Relationship pundits say an indispensable element to any successful connection is communication. In the world of structured finance, where the stakes are higher, a solid liquidity backstop is emerging as the key to a successful relationship between CDOs and the asset-backed commercial paper conduits that fund them.
True enough, a reliable liquidity facility must be in place for any ABCP to sustain attractive returns over time. The need is more pressing these days, as risk-based capital standards under Basel II implementation looms in Europe and is still being hashed out in the U.S. As such, banks and conduit managers alike are on the hunt for the best ideas in designing reliable liquidity schemes, especially for programs that fund CDOs.
Certain mortgage warehouse conduits resemble certain CDOs, in that those vehicles have swaps, or put providers, which will take out all of the performing loans if the vehicle winds down. There are limitations, however, because the put providers will not take out the nonperforming underlying loans, said Joseph Johnson, a vice president at Goldman Sachs, at the recent American Securitization Forum conference.
Traditional bank liquidity facilities becoming increasingly expensive, besides which they sometimes involve hard negotiations before suitable agreements can be put into place.
"Under [the] old agreements with banks, we would have to renew the liquidity facilities every year," said Sonia Mangelsdorf, a senior vice president at Trust Company of the West, who runs its CDO product development group, who also spoke at the ASF conference. "We had to go to the banks and pull teeth to get the banks to sign up, and they would charge us more for the facilities."
When the asset manager does cashflow deals, it prefers to have a put, because they know at which level CP will get taken out.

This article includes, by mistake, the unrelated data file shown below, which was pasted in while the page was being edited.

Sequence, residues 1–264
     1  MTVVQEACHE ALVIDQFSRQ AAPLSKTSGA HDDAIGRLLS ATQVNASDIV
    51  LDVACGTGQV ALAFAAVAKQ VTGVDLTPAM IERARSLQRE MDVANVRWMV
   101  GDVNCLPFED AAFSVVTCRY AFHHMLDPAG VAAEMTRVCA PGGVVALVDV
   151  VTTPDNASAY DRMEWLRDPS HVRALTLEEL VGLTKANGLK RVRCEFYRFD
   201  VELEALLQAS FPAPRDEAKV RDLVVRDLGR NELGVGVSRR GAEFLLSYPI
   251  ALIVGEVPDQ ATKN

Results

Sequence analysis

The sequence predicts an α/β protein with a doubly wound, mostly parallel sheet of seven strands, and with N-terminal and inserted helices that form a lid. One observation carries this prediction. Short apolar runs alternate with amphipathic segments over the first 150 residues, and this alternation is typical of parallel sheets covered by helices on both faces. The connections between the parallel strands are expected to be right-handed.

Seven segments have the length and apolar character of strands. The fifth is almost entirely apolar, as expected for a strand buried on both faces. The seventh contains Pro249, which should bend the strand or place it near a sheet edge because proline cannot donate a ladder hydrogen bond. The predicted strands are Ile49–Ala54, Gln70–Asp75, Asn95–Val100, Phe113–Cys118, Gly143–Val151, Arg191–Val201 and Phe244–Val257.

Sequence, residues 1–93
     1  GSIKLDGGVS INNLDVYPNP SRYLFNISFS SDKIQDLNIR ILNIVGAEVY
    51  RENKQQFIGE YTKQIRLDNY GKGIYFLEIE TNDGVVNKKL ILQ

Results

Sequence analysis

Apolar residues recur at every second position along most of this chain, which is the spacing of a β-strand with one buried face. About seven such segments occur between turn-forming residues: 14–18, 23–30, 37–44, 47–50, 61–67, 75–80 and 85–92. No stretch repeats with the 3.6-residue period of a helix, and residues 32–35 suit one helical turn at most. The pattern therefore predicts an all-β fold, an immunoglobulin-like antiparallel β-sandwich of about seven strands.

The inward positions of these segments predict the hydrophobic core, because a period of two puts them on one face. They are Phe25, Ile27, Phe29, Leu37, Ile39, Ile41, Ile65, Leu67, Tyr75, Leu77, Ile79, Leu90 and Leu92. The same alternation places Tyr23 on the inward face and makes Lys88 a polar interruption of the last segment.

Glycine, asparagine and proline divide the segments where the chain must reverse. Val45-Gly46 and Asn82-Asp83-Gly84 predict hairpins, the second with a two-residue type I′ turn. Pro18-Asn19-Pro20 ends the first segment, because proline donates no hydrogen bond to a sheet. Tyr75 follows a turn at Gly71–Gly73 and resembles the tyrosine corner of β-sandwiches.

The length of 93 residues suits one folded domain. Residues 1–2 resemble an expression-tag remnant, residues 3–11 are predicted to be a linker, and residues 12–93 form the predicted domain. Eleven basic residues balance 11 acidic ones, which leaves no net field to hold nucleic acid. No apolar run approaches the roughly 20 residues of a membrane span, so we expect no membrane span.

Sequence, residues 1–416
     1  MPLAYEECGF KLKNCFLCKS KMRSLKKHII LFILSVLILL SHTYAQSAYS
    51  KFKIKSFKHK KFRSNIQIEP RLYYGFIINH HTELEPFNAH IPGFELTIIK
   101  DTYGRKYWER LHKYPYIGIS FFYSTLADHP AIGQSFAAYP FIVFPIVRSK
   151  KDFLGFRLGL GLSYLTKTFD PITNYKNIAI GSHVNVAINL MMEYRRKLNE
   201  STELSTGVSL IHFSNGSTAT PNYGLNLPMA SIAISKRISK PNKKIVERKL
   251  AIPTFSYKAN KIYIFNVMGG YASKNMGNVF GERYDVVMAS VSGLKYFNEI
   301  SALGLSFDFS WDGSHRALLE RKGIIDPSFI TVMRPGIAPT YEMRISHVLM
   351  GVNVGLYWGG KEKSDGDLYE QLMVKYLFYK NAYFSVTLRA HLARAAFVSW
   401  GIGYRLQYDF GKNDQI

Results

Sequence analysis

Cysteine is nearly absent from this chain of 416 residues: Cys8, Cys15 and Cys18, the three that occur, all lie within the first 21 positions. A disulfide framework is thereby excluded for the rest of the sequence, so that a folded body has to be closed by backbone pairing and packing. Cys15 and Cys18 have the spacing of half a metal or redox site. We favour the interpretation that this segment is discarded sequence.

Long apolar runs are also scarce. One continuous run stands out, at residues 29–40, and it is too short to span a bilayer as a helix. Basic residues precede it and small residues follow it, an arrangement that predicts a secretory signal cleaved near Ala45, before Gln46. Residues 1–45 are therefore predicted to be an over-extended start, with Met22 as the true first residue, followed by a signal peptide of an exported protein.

TCW prefers that because there is an ultimate limit on the put agreement. Therefore, they are always aware of what the worst-case scenario would likely be, Mangelsdorf said.
Times are rapidly changing, so that program sponsors and managers can devise vehicles which utilize the internal liquidity provided by underlying assets or market value schemes, which offer a vehicle liquidity support with little or no external support. These are quickly becoming more of a mainstream fixture in the ABCP sector, even if they account for a small portion of the overall liquidity backstop market.
The market is also seeing more funding of CDO-like programs - whether directly or indirectly - through extendible notes in ABCP conduits.
"More and more investment managers are looking to use ABCP to fund another type of arbitrage portfolio, which is similar to a CDO," Everett Rutan, who runs the ABCP group at Moody's Investors Service, said in an interview. The ABCP program funds the same type of assets that would go into a CDO.
Managers who prefer to go the distance in the term market use the ABCP programs as a means of warehousing assets that will eventually collateralize a CDO.
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